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Working-through is the name for an operation resulting from the putting into effect of several processes during treatment; it opposes the work of resistance by making the analysand better aware, through time, of the defensive mechanisms upon which resistance is based, and it sparks "processes of remodeling the ego" (1937c, p. 249). Freud accords it a primary place in the analyzand's domain, to the extent the analyst allows him the time to accomplish it. At the same time however, this activity also seems closely tied to interpretation, and the interpretive modalities of the analyst. It is a term that may only be surmised in relation to economic principles, including those of resistance and elements of timing such as duration and "tempo."

The German term durcharbeiten is difficult to translate. Although the English translation "working-through" does successfully convey its dynamic aspect, it fails to capture the aspect of work that occurs at the surface. In the technical paper "Remembering, Repeating and Working-Through (Further recommendations on the Technique of Psycho-Analysis II)" (1914g), where Freud uses the term for the first time, it was to describe a "consistent technique used today" that prevails over hypnosis because it gives up on privileging the interrogation of the patient concerning a specific problem or factor. It is a technique, writes Freud, used to study "whatever is present for the time being on the surface of the patient's mind" (p. 147)—though this does not prevent him from deploying metaphors of in-depth work in the same article. The term durcharbeiten thus conveys two notions whose co-existence in a single word is difficult to maintain: depth and surface.

Psychoanalytic technique came after that of hypnosis, and Freud sometimes placed the two in opposition in order to highlight ways in which Psychoanalysis represents a departure. Working-through comes out of a fundamental difference between the two techniques in that it assumes a gradual, step-by-step approach to resistance. Hypnosis circumvents the notion of resistance; it allows repressed memories to emerge but in no way involves "processes of remodeling the ego" and repression in its dimension as a part of processes of symbolization. The idea of resistance is necessary given the economic aspects of the drives, notably with regard to excesses of drive energy. But as Freud continually pointed out, the ego defends itself against dangers that are no longer current. Thus "to work through" implies the idea of a repetition that garners small quantities of energy to deal with the compulsion to repeat emanating from the id. Working-through is proposed answer to resistance in "Remembering, Repeating and Working-Through."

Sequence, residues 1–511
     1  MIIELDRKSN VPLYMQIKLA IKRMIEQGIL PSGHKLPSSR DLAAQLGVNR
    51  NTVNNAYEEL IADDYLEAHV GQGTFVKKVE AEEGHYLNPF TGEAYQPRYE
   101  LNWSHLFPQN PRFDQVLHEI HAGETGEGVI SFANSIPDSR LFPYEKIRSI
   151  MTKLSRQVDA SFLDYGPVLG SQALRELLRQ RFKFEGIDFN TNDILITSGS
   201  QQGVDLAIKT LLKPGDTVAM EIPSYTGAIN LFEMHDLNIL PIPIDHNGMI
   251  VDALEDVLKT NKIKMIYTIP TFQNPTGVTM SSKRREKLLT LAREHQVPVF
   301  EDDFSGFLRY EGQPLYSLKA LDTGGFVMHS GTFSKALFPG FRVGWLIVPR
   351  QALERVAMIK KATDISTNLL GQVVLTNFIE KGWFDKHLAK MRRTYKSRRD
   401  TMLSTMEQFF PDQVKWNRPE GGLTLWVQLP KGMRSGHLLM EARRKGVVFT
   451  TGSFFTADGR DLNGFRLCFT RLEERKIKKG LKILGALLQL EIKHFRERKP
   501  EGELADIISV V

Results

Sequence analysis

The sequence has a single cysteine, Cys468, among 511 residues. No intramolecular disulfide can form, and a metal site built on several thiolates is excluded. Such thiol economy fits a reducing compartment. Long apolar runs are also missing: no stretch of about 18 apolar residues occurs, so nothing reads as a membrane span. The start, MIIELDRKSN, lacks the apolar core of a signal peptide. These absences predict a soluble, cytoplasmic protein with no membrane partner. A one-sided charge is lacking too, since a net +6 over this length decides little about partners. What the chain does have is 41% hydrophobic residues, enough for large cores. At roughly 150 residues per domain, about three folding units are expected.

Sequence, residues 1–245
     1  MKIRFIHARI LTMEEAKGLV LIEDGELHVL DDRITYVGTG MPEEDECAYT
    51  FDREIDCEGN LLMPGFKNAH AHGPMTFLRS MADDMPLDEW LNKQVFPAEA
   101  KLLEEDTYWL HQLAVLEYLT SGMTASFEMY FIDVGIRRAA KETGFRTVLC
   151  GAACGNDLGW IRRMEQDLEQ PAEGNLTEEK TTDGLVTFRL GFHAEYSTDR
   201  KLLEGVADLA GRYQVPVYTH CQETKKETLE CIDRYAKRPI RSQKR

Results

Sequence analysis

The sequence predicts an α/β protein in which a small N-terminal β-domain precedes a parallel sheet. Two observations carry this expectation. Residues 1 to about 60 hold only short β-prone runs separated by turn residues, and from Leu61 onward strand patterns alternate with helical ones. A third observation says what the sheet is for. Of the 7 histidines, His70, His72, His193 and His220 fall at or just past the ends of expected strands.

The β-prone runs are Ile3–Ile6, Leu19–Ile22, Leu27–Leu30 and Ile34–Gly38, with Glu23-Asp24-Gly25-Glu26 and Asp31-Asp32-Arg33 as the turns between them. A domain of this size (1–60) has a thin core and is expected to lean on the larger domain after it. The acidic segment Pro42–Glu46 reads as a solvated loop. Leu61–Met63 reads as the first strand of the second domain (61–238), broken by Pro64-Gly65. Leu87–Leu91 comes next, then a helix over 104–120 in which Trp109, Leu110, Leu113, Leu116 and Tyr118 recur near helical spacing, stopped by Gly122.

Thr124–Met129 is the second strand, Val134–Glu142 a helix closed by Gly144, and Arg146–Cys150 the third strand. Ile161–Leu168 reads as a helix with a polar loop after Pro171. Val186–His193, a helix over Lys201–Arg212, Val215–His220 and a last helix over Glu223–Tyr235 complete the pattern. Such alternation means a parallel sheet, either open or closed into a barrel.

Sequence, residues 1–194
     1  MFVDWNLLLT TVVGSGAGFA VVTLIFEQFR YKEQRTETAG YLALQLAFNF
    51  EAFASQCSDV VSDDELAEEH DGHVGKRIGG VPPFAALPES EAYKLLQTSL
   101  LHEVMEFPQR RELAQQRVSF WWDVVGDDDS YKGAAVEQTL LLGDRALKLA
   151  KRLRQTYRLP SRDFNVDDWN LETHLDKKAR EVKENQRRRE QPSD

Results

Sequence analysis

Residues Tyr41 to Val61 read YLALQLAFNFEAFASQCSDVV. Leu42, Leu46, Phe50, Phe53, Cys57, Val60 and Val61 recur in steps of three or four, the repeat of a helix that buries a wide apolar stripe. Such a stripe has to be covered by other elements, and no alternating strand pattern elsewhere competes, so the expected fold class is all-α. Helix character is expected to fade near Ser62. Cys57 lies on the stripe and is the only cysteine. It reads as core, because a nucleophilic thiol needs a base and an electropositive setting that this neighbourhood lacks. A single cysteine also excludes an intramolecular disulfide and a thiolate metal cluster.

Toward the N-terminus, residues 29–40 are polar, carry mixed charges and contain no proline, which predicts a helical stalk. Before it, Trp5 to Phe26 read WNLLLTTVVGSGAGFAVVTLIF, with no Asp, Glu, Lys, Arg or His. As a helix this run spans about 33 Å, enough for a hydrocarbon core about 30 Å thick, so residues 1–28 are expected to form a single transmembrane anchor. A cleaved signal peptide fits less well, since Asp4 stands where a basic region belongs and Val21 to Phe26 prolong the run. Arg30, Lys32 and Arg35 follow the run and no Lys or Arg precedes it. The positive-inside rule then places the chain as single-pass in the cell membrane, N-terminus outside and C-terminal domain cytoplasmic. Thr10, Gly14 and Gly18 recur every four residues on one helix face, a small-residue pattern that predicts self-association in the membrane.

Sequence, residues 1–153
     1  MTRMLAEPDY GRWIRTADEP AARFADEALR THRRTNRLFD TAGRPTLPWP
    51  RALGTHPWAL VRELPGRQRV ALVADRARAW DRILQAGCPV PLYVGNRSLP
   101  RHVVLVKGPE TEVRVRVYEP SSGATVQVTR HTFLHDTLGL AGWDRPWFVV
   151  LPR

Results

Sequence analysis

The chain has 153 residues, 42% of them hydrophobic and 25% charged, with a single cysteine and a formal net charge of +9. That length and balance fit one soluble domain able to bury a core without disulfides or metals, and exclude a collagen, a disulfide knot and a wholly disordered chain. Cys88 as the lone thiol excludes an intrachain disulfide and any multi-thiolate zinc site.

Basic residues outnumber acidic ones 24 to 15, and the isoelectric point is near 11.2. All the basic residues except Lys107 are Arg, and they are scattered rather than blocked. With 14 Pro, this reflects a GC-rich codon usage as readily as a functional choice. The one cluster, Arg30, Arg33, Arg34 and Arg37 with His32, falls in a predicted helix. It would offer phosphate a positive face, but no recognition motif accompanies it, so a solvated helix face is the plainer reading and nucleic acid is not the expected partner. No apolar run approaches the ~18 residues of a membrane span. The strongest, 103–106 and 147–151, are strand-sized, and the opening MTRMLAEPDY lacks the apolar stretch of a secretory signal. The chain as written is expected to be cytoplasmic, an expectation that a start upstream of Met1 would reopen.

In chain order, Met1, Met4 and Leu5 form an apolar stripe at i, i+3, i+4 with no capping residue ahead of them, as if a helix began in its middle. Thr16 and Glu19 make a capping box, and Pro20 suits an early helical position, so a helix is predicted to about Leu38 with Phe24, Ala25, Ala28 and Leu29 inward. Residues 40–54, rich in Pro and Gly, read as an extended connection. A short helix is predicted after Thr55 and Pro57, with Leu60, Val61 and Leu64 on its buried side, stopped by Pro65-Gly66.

That the form of resistance forwarded at the time is repression, attests to the fact that Freud conceived the psychic apparatus as highly-advanced in the realm of symbolization—flexible and effective in its ability to confront the drives. But the effectiveness of the function of working-through must be relativized in the face of difficulties involving defusions of instinct, narcissistic fragility, and deficiencies in symbolization. Although it remains true in these instances that certain forms of resistance must be recognized, interpreted, and then given up when they no longer further the ends of self-preservation; more recent analytic technique has ways of handling the transference and a conception of the framework for treatment which are based on metapsychological representations that are more complex than in 1914. Thus working-through is no longer indicated at certain times during treatment; and sometimes a poor understanding of negative elements in the transference may lead the analysis into a working-through that is intellectual and falsely effective.

Although Freud did not explicitly come back to this notion after 1920, it is useful to reconsider it while taking into account the upheavals brought about by the dual theory of the instincts and the negative currents it entails. Although he did not use the term durcharbeiten, Freud reworks the idea of it in "Negation" (1925h), when confronted with the negative element that subtends a patient's denial of the analyst's interpretation. It would be necessary to wait until "Analysis Terminable and Interminable" (1937c) for him to explore how the joint efforts of the analyst and patient to recognize and conquer resistance run aground upon the negative factor of the "bedrock" of castration.